Joey, the intrepid eldest child, consummate sanguine, and dyed-in-the-wool extrovert (translation: where the beep did he come from?) turned 7 at the end of last month, and about 6 weeks out from the big day something super crazy happened: he started acting sort of reasonable. Like, obeying right away, showing true contrition for his transgressions, and just generally being awesome, funny, and helpful. He’s always been the first two but rarely the latter, so it’s been a nice surprise coming into the home stretch with bebe number 5. Like maybe I can holler for diapers and ask him to empty the dishwasher while I’m baby-bound on the couch come January.

He asked for – and received – an entire coterie of Nerf guns for his birthday, which he is almost as delighted with as two-year-old Luke is. Joey prefers to fire the darts while Luke enjoys biting off the suction-cup tops and spitting them into the carpet. Joey has taken to sleeping with his entire stockpile in his top bunk, so traumatized is he from the 40% loss of his brand new darts. (Luke is part puppy, btw.)

Now in first grade, Joey’s interests include kickball, football, basketball, soccer, comic books and, oddly enough, poetry. #oneofthesethingsisnotliketheother. Classical education for the win. His teacher this year is like a prettier and more spiritually balanced real life Miss Frizzle from the Magic Schoolbus, so he actually loves going to school in the morning, which is a small-m miracle for our pint sized party animal.

Next up in the line up is John Paul. At just 19 months younger but completely opposite on the personality inventory spectrum, JP is deeply melancholic, thoughtful, smart as hell and in possession of un uncannily deadpan delivery for a 5-year-old. He asks really weird and fascinating questions about the origin of time, recalls memories from his first and second year of life, and just generally cracks us up with being a consummate old man with a zest for art and the written word. In his spare time he enjoys full-contact wrestling, reciting poetry (again, winning with the classical schooling), riding his two wheeler (self taught and proud) and building Legos for hours. He is our snuggliest kid and demands a hearty dose of physical touch each day to keep his universe in balance. He’s also my only introvert (as yet identified) and so while I totally “get” him in a way I don’t always get the other three, he also has a knack for making me nuts. I frequently escort him into a quiet room with a stack of books and invite him to take a mental health break, and he’s catching on that it’s actually really effective. Takes one to know one, buddy.

He says he’s maybe going to be a priest when he grows up, and while he certainly has a natural piety to his nature, we’re careful not to put too much stock in it since his daddy is of a similar temperament and had loads of well-meaning adults over the years tell him what his vocation was. They were incorrect, as I can personally attest to. A religious vocation is a beautiful thing, and we pray for all our children to be open to that if God calls them (and make a point to expose them to the tons of awesome priests and religious in our social circle), but we’re careful not to push it or make any kind of prediction based on natural tendencies and personalities alone. Because super sporty sanguines make great priests, too. And the world also needs thoughtful, prayerful husbands.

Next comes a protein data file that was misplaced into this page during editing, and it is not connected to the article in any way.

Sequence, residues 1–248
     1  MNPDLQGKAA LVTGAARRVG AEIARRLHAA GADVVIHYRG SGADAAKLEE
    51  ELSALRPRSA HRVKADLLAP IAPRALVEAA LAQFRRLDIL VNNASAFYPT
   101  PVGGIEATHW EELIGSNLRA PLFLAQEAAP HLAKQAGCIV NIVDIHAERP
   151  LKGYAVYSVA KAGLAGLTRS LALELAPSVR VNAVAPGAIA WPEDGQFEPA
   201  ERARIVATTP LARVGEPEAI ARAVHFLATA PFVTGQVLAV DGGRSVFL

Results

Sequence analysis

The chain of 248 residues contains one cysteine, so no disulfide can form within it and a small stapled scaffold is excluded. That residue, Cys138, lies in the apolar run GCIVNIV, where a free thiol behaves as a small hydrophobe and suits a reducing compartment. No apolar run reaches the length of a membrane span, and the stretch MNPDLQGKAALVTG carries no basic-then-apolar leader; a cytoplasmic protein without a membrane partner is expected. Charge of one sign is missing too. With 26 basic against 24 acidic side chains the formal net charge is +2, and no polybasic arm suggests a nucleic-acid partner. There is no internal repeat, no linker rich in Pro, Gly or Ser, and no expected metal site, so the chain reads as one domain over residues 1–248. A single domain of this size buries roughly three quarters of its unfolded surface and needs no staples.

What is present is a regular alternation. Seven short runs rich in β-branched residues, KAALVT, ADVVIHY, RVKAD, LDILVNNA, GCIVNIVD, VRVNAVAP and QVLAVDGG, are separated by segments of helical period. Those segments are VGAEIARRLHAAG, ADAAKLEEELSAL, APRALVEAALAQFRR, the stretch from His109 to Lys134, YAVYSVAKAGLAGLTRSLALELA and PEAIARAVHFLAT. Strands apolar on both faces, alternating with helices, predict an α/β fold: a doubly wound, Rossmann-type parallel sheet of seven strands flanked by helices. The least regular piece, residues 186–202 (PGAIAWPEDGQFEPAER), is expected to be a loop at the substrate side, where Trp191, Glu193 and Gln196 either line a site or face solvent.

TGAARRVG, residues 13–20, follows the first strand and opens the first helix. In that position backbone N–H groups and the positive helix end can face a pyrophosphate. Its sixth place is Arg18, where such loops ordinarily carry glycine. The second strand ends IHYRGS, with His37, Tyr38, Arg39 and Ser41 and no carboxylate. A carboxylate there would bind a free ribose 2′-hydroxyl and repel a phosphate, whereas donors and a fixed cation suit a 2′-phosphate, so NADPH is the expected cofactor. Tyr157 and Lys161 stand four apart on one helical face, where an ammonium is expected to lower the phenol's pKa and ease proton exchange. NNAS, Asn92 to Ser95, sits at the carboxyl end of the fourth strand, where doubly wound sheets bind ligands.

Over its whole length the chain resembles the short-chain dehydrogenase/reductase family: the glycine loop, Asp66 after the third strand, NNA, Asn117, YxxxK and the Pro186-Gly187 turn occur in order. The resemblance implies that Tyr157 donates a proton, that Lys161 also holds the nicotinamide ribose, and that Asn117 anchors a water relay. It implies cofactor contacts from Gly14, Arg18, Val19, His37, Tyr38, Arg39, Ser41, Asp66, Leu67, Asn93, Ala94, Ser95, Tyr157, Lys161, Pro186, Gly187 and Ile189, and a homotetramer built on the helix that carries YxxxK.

Evie. Where do I even begin? All throughout this current pregnancy people have asked, upon finding out that we haven’t found out the sex, “have you ever found out?” to which I answer: once. And it was with her. And boy, was I glad to have the 5 month’s heads up on the extra estrogen joining our crew. She is a spicy meatball, this little pseudo-Italian. She can scream and gesticulate wildly with the best of the little signoras in the marketplace, and putting her to bed is a nuclear exercise in patience and precision. Don’t miss a single step or she’ll be at your bedside at 1 am, having been awakened by her searing sense of justice confirming that yes, you did in fact skimp her on 3 minutes of “tickles” and additionally, you poorly swaddled her stuffed calico cat and will now be forced to re-roll her in the dead of night by the bleary light of your alarm clock.

She is passionate, wildly imaginative, LOUD, and very, very cute. She runs this town, and I guess it couldn’t be any other way, because with 3 brothers she has to assert herself from the pack. She is intensely physical, whip smart, and really great at putting on a dramatic waterworks show at preschool drop off (and then turning on a dime, batting her still-wet lashes at her teacher, and happily asking what’s up first on the agenda for the day. As I have observed from creeping around the corner of the hallway and listening in. Dangerous little minx, that one.) She has what the big boys call her “Irish accent” which makes zero sense because it sounds nothing like a brogue, but she does have a really unique pronunciation pattern and a hilariously high pitched voice. Especially entertaining when she’s mad as hell, which is often. #shehashermamastemper

Just a Basic preschooler